Tag Archives: asteroid

Daring maneuver brings NASA’s orbiter closer to an asteroid than ever before

Daring maneuver brings NASA’s orbiter closer to an asteroid than ever beforeNASA's OSIRIS-REx spacecraft has been orbiting the space rock known as Bennu since the start of the year. It caught up with the asteroid in late December of 2018 and successfully inserted itself into orbit around the object around New Year's day. There have been several "firsts" along the way, but its latest maneuver is the most daring yet, and it allowed the spacecraft to break yet another record.A recent tweak to its orbit has brought the probe to an orbit of just 680 meters, or around 2,230 feet from the asteroid's surface. This is now the closest that any manmade spacecraft has orbited any planetary body.It's a stellar achievement for NASA, but it's worth noting that the previous record was actually already held by the OSIRIS-REx probe. What NASA did was break its own record and set itself even farther ahead from any competition to come in the future.This new orbit, which the research team calls the Orbital B phase, will give scientists a better understanding of the asteroid's surface and hopefully allow NASA to choose a suitable location where the probe can briefly snag a sample of its material.Actually pulling off such a daring maneuver will be incredibly risky, and nobody is quite sure if the spacecraft can make it happen. This is due in large part to the incredibly messy surface of Bennu, which surprised scientists when they got their first close look. The asteroid's surface is littered with debris ranging from tiny pebbles to massive boulders, and the spacecraft's handlers now have to find the safest place on the rock from which to gather a sample.Assuming it pulls off the sample grab, the probe will then leave Bennu and return to Earth with the sample material stowed safely for scientists on Earth to examine.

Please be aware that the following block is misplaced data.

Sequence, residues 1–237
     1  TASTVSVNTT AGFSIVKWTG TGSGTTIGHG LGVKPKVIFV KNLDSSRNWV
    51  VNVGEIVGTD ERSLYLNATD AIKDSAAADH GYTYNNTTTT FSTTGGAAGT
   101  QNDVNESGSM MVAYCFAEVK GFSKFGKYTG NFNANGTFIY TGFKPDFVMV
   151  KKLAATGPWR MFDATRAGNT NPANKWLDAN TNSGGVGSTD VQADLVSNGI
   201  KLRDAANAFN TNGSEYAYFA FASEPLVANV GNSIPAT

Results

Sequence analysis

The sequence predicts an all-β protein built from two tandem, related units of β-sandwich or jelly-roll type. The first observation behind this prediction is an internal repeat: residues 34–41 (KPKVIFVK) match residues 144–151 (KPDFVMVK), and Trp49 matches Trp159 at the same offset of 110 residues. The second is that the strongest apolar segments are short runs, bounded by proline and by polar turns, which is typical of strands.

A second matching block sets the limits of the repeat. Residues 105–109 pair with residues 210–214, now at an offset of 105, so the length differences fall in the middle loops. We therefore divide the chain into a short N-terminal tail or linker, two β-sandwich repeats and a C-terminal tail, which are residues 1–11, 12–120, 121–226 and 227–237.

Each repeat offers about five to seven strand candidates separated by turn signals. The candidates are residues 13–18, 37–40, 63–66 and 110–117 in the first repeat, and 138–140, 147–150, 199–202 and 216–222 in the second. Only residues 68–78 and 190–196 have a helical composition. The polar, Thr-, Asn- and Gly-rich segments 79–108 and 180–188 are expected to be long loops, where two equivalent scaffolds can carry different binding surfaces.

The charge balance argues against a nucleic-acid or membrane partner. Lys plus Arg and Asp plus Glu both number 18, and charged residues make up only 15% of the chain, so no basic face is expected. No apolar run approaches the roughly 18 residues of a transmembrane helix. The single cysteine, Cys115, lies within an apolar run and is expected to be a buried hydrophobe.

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A Japanese spacecraft just shot at an asteroid… to try and make a crater